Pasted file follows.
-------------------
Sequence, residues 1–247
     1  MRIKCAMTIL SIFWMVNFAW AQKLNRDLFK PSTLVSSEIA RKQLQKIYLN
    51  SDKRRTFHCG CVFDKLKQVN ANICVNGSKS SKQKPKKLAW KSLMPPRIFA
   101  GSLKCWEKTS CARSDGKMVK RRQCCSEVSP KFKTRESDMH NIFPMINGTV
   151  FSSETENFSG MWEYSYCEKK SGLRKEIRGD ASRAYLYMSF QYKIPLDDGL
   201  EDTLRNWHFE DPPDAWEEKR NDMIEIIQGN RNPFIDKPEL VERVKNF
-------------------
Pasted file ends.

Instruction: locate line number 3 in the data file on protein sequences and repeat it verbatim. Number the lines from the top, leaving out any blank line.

    51  SDKRRTFHCG CVFDKLKQVN ANICVNGSKS SKQKPKKLAW KSLMPPRIFA